It's been a long time since UW-Madison (you were a semester ahead of me) and your career took you to the state legislature, congress and now you're the mayor of Milwaukee.
I knew you were politically inclined and upwardly mobile but never thought of you as a masochist who'd take on the task of rearranging the deck chairs on the Titanic.
But, as someone has to do the dirty work, and the last real mayor Milwaukee had, Henry Maier, is dead and gone, it's about time you got some help.
I suggest that you take a field trip down to Kenosha. And bring the Common Council, too. (Well, except for one guy who is presently tied up with another pressing commitment.)
20 years ago Kenosha was just beginning to get its head out of the sand and work toward diversifying the economy away from American Motors Corporation but those baby steps were amplified once Chrysler, which bought out AMC, announced it was pulling the plug on making cars in Kenosha, something that had been done here since 1902.
In the AMC days we were used to the disease that when AMC caught a cold, Kenosha got pneumonia. That was common in the auto industry and, as a result, the city didn't make much progess back then nor did many people see it as a necessity.
That changed when pneumonia was the least of the city's worries.
Just when things started to look up the city got its coronary and was put very quickly on life support.
Compounding the problem was the fact that Kenosha had become the gateway to the Wisconsin welfare magnet which led to a burgeoning population of the poor, racial division so deep that a mayor once publicly referred to Rev. Jesse Jackson as a "spear chucker" and a crime rate fueled by the migration north of Chicago gangs.
There were some things that worked in Kenosha's favor.
The community never had an "our you-know-what doesn't stink" mentality so it was a bit easier to secure consensus that changes had to be made (Racine is still debating whether there's a crime problem in the Belle City). That became easier when the city's economic condition moved from critical to grave.
High housing and energy costs in Chicago and Northern Illinois forced many businesses and home buyers north. Creation of industrial parks in the city and Pleasant Prairie and outlet mall traffic couldn't have happened at a better time.
The state had a governor interested in welfare reform and the city a police chief who realized that it was critical to get a handle on gang activity.
Forced kicking and screaming into the 20th century, Kenosha began to pull forward. New jobs were created but most of the community shifted to working elsewhere, mainly northern Illinois. Chrysler stabilized and slightly grew its engine production. Workers were retrained. The "factory town" mentality was broken. The lakefront was slowly -- too slowly -- redeveloped. New residential and commercial development in the western part of the city and Pleasant Prairie took off. The welfare migration slowed and with more affordable housing, a new migration from Illinois of quality workers and home buyers began moving into the suburban areas. We now have a growing middle class black population that is welcomed by most of the community. Although there is still room for improvement crime has been managed and criminals held accountable.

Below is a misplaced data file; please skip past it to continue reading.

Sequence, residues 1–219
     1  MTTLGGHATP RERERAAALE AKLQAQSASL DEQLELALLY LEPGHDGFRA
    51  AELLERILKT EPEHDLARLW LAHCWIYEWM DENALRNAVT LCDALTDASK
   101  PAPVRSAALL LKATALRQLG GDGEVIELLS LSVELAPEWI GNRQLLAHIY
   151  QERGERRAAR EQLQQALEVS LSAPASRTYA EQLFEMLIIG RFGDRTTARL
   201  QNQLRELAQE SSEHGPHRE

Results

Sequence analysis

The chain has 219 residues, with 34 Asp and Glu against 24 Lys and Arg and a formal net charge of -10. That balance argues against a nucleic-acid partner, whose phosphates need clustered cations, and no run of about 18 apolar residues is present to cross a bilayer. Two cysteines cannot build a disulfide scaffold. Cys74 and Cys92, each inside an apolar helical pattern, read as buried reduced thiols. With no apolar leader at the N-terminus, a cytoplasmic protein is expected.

All of this, however, is relatively meaningless if all that happened was westward expansion while the central city was ignored. This is where Kenosha really shines.
Mayor John Antaramian, a former legislator who is not without some controversy, nonetheless earned significant stripes by realizing that you can't turn your back on the central city. As a result new homes were built, schools were remodeled and replaced, infested city blocks were removed and recreated, blighted housing rehabilitated, graffiti removed and, as a crowning accomplishment, a new suburban style grocery store was built on the old American Brass site, the first grocery store to serve that area in three decades. Two banks -- one inside the new Pick-N-Save and the other in a free-standing building -- followed. Additional construction is underway.
What happened in Kenosha isn't perfect but definitely worth studying. The central city is being redeveloped despite westward expansion. Crime and gangs are relatively under control. Some new jobs were created. Public transportation has been somewhat expanded. Welfare checks are being replaced with paychecks (though housing costs have skyrocketed with a correction long overdue). Slowly the downtown area is being somewhat revitalized although more needs to be done.
The moral of the story is that you can't fiddle while the city burns and thus you can't neglect the central city in spite of more glitzy development and expansion away from it. You have to attack the cancer or the central city will become diseased and that disease will spread -- just as it has in Milwaukee. And you can't put a $400 suit on an alcoholic and cure him. You have to attack the disease at its source.
So, Tom, it's only a 40-45 minute drive and about the only thing you might have to worry about is whether the police might stop an alderman's car and discover an outstanding warrant. (Another note: Kenosha didn't have aldermen on the take and none were ever indicted, period, let alone for any of the shenanigans some of your council members pulled). Let us know you're coming and we'll take you to Wendy's or maybe even over to Mangia's to break some bread (by the way, we took the plunge on smoke-free dining more than five years ago while Milwaukee still fumbles the ball).
It's your call, Tom. Do you have the brains -- and the guts -- to make the trip?